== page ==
Skull wars : Kennewick Man, archaeology, and the battle for Native American identity

by David Hurst Thomas

Book, 2000



Call number

E77 .T54


Publisher Unknown


The 1996 discovery, near Kennewick, Washington, of a 9,000-year-old Caucasoid skeleton brought more to the surface than bones. The explosive controversy and resulting lawsuit also raised a far more fundamental question: Who owns history? Many Indians see archeologists as desecrators of tribal rites and traditions; archeologists see their livelihoods and science threatened by the 1990 Federal reparation law, which gives tribes control over remains in their traditional territories.In this new work, Thomas charts the riveting story of this lawsuit, the archeologists’ deteriorating relations with American Indians, and the rise of scientific archeology. His telling of the tale gains extra credence from his own reputation as a leader in building cooperation between the two sides.… (more)

User reviews

LibraryThing member RavenousReaders
In July 1996, a human skeleton washed out of a bank of the Columbia River and reignited a 500 year controversy about the handling of human remains in this country. Archaeologists dubbed the skeleton "Kennewick Man" and advocated scientific analysis with the goal of tracking the origins of Native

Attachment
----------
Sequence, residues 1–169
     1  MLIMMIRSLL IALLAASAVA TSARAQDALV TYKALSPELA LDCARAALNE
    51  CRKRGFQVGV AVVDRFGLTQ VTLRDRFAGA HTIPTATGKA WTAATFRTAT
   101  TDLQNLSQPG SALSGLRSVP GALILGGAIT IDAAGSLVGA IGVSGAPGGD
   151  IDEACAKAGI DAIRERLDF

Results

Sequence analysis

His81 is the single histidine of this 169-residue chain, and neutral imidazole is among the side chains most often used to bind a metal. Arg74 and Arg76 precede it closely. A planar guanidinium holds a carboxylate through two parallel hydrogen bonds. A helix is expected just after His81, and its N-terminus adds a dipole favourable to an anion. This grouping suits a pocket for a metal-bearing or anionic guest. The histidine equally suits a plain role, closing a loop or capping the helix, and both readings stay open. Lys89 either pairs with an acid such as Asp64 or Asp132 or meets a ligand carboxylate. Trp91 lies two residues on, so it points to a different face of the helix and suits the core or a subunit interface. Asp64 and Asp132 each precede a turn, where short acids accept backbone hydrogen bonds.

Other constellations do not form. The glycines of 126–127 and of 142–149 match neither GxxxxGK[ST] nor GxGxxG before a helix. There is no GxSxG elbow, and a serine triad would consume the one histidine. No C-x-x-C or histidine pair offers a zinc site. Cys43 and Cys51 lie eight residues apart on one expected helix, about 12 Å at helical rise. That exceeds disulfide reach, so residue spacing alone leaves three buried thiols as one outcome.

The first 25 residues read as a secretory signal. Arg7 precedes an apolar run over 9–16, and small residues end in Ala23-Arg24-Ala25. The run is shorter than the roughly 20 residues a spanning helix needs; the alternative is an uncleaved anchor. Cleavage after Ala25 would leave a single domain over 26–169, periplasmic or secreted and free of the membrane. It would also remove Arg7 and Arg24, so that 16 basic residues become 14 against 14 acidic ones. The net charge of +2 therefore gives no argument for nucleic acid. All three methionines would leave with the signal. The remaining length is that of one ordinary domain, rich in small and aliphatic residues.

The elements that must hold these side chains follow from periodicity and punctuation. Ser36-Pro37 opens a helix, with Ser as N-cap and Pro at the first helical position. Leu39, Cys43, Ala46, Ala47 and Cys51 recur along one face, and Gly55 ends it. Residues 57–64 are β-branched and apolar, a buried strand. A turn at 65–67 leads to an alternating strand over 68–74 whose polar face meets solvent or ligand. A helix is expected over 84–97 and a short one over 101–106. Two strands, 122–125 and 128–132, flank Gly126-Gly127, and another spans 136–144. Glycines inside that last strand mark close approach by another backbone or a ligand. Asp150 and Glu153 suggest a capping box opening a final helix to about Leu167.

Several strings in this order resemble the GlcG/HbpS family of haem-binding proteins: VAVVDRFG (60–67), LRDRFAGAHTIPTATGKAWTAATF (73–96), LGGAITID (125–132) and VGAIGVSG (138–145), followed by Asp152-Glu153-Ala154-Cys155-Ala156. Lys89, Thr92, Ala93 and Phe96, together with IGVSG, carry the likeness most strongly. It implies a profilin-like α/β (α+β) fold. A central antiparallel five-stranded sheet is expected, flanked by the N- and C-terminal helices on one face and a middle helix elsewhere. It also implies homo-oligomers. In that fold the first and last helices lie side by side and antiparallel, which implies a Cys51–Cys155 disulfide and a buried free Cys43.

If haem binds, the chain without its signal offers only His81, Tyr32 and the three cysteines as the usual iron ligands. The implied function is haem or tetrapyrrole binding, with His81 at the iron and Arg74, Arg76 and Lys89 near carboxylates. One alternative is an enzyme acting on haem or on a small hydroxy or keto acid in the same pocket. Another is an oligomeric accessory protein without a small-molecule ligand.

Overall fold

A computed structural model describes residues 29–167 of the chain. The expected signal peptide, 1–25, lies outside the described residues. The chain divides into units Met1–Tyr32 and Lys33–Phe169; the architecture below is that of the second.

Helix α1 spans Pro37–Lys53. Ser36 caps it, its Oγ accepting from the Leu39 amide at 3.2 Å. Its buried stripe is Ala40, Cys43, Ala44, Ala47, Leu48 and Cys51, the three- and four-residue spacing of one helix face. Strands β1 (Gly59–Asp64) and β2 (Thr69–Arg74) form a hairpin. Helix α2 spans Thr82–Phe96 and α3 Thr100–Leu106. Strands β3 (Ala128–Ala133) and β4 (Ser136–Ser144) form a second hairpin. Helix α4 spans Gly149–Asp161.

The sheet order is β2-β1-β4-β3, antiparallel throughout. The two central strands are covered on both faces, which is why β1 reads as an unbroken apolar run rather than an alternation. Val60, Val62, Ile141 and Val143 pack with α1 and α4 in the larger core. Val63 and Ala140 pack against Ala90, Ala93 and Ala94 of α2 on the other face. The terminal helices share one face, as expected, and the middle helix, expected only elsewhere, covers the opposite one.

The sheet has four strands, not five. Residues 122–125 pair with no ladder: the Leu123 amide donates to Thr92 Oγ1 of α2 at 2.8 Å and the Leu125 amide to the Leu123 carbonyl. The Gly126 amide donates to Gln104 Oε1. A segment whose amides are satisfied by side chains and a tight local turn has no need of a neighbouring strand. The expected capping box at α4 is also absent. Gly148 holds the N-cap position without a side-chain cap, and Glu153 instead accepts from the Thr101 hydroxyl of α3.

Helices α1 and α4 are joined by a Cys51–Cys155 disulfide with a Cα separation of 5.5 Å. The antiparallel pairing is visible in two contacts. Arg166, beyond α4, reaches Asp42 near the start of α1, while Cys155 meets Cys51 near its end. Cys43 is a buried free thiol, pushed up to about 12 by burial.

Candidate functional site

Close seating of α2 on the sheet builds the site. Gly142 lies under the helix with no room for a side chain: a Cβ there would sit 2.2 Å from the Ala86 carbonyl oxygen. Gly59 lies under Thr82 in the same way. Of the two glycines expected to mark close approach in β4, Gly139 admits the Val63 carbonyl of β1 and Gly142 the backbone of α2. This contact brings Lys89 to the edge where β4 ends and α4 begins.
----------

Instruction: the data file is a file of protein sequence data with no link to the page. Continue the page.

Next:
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Americans. Many Native Americans are adamant that such analysis constitutes desecration and disrespect for their ancestors and cultures. David Hurst Thomas, an archaeologist sympathetic to both sides, traces the roots of the Kennewick Man debate, exposing the prejudices that have dominated American anthropology since its inception. Thomas is a fine writer and his subject matter is fascinating. Expect to be astounded, angry, inspired and, ultimately, hopeful that all parties in the debate can proceed with mutual respect
Reviewed by: Cathy
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LibraryThing member jen.e.moore
An excellent overview of the history of the archaeology and anthropology of American Indians, inspired by the controversy over Kennewick Man. This is an embarrassing history for white scientists, but it's one that needs to be told, and this is a creditable effort, for all that it's seventeen years
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old now.
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